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On early Monday, numerous Danish smartphone users reported suspicious SMS-type content originating from a questionable source, allegedly related to Danske Spil. In all instances, a single message would be sent, informing the user of his enrollment in a monthly pay-to-win plan, rescindable via the web. The investigation revealed that the URL enclosed in the SMS points to a game cracks repository that is very popular among fans of pirated content and malware creators.

The Facts in the Case of the Danish SMS Smishing Wave

Contacted by an anonymous reader, Heimdal® was made aware that numerous Danish smartphone owners have been flooded by cryptic messages from a user that goes by the moniker of “Dansk-game”.  Invariably, the smartphone owners would have received the following SMS:

Translated from Danish to English, the SMS reads:

Thanks for subscribing to the Danskgame (sic!) for DKK 150/month. For termination (sic!), Danskgame.com/tBcOaTz

Heimdal®’s investigation has revealed that none of the users who reported receiving the message have ever participated in such activities or signed digital forms that made them recipients of newsletters, promotions, or other forms of communications from this particular user. At the time of the investigation, the website under scrutiny returned a Code 503 error (i.e. Service Unavailable).

Digital forensics has revealed that the perpetrator has chosen this course of action to reduce their digital footprint. However, a closer examination of the attack URL has unearthed a significant detail – the domain’s HTML code contains a scripted iframe that redirects the user to a secondary domain (i.e., https://saglamindir.info/tag/wallpaper-engine-full-indir/).

The domain in question is quite popular among gamers, being considered a regular treasure trove of DRM busters (i.e., software used to bypass anti-piracy safeguards). Since the website hosts illicit content, it’s only natural for it to double up as a dropping location for (overtly) malicious content. The ramifications of these smishing actions remain largely unknown; with the iframe in place, the threat actor can easily control the user’s end-to-end journey.

For instance, the user can be redirected to a web-hosted resource that can drop spyware on his device. The same mechanism can be leveraged for multiple payloads, including ransomware assemblers, rootkits, trojans, keyloggers, etc. Our investigation has concluded the that smishing campaign targeting Danish users is a zero-day operation, the extent of which is largely unknown at this point in time.

The campaign, although not a novelty, may yet see some traction as it’s capitalizing on a userbase that bands together people from all over Europe (i.e., EUROJACKPOT, one’s of Danish National Lottery’s games extends to nearly 18 countries). However clever the design, it has one major pitfall – the game engagement fee. No lottery program will automatically enroll and charge the user. We advise users to keep this detail in mind the next time they receive a similar text message.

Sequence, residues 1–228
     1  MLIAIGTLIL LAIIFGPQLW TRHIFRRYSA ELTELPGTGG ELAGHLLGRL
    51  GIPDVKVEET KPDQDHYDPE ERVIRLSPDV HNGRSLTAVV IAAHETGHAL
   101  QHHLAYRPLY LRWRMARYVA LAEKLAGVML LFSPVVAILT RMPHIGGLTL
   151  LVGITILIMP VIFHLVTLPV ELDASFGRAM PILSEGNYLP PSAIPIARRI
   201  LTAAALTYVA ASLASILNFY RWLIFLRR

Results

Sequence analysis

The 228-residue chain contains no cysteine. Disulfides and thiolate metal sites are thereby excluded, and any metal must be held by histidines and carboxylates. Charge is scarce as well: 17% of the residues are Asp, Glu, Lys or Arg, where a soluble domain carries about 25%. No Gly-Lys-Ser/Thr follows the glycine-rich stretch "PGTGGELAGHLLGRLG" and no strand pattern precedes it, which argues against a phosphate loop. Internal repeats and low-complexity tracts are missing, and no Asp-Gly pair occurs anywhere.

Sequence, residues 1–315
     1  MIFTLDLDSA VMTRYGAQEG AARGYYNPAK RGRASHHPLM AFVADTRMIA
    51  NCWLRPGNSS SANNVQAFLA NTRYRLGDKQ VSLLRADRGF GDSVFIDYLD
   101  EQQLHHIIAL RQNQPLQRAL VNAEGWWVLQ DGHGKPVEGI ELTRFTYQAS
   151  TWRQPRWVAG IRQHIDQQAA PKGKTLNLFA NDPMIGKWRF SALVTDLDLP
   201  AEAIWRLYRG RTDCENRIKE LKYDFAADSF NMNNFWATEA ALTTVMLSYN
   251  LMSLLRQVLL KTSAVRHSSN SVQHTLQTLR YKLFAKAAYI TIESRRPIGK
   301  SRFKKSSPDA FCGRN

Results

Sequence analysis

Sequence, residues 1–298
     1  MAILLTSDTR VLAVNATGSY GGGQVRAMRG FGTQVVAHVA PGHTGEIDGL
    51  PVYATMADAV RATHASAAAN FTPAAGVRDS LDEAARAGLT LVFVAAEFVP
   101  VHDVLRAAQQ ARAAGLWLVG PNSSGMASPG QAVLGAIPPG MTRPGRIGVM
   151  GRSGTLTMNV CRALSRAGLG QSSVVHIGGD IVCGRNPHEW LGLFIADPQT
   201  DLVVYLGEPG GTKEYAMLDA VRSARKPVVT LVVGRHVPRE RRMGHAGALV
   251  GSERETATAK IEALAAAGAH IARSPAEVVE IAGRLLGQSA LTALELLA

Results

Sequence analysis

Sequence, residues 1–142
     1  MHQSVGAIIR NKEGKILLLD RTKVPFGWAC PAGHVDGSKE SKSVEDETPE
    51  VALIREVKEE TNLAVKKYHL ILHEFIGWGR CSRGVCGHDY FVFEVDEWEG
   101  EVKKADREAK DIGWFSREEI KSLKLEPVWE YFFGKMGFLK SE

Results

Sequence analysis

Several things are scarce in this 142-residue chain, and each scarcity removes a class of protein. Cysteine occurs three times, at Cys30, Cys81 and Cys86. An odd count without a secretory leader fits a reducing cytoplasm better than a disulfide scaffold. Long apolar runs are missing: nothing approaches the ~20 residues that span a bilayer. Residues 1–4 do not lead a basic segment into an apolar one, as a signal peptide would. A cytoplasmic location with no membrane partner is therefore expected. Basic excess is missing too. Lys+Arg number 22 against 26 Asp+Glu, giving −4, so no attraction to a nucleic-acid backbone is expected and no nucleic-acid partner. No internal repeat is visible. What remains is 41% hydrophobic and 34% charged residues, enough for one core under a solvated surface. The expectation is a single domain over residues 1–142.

Heimdal® will continue to monitor this event (and related occurrences) and will provide regular updates.

Anti-phishing Cybersecurity Tips

Below, you will find a short, but comprehensive list of tips on how to guard yourself against phishing and smishing attempts.

Avoid opening suspicious-looking ads

Bear in mind that some Google ads you may come across are not malicious. However, this doesn’t mean that you should open everyone, just because the item looks interesting or was on your Wishlist (those can be tracked across apps and platforms). If you do open a link via SMS, make sure it has the HTTPS certificate – check for the padlock icon next to the link.

Deploy and employ next-gen anti-phishing protection

Some phishing attempts, such as the one we’ve discussed, employ a sophisticated anti-detection mechanism, allowing them to get past your antivirus. To counter these threats, you use an anti-malware solution that looks beyond the ‘file’ and ‘code’ level.

Heimdal® Threat Prevention – Endpoint, Heimdal®’s award-winning DNS-filtering solution, can prevent threats from reaching your machine by blocking traffic to and from any malicious C&C server.

Too good to be true!

It’s the golden rule of the Internet: if something looks too good to be true, then it’s, most likely a scam. So, if some website requests very personal info to take possession of some fabulous prize, then it’s a scam. Also, keep in mind that anniversary sweepstakes, such as the one mentioned in the fake ad, are usually announced on the company’s website.

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Author Profile

Vladimir Unterfingher

Senior PR & Communications Officer

Experienced blogger with a strong focus on technology, currently advancing towards a career in IT Security Analysis. I possess a keen interest in exploring and understanding the intricacies of malware, Advanced Persistent Threats (APTs), and various cybersecurity challenges. My dedication to continuous learning fuels my passion for delving into the complexities of the cyber world.

Comments
Torben Stroyer Hansen on January 17, 2023 at 6:07 pm

I also received this message 17/1-2023:
Tak, du abonnerer pa Danskgamer for 150 DKK/pr uge. Til opsigelse, Danskgamer.com/eKONRIB

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